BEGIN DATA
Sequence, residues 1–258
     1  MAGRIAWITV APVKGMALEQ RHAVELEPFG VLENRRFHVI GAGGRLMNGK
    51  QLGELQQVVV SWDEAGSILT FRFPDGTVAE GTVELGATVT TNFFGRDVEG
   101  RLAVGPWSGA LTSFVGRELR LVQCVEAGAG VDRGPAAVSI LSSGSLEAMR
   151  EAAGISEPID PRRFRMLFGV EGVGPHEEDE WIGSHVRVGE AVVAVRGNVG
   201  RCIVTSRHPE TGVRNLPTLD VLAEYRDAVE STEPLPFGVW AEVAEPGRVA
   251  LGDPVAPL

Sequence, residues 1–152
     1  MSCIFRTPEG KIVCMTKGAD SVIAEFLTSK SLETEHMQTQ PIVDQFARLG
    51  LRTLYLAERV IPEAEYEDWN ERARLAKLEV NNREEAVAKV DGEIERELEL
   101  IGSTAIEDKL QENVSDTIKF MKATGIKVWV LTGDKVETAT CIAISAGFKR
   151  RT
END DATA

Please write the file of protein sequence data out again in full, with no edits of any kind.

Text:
Sequence, residues 1–258
     1  MAGRIAWITV APVKGMALEQ RHAVELEPFG VLENRRFHVI GAGGRLMNGK
    51  QLGELQQVVV SWDEAGSILT FRFPDGTVAE GTVELGATVT TNFFGRDVEG
   101  RLAVGPWSGA LTSFVGRELR LVQCVEAGAG VDRGPAAVSI LSSGSLEAMR
   151  EAAGISEPID PRRFRMLFGV EGVGPHEEDE WIGSHVRVGE AVVAVRGNVG
   201  RCIVTSRHPE TGVRNLPTLD VLAEYRDAVE STEPLPFGVW AEVAEPGRVA
   251  LGDPVAPL

Sequence, residues 1–152
     1  MSCIFRTPEG KIVCMTKGAD SVIAEFLTSK SLETEHMQTQ PIVDQFARLG
    51  LRTLYLAERV IPEAEYEDWN ERARLAKLEV NNREEAVAKV DGEIERELEL
   101  IGSTAIEDKL QENVSDTIKF MKATGIKVWV LTGDKVETAT CIAISAGFKR
   151  RT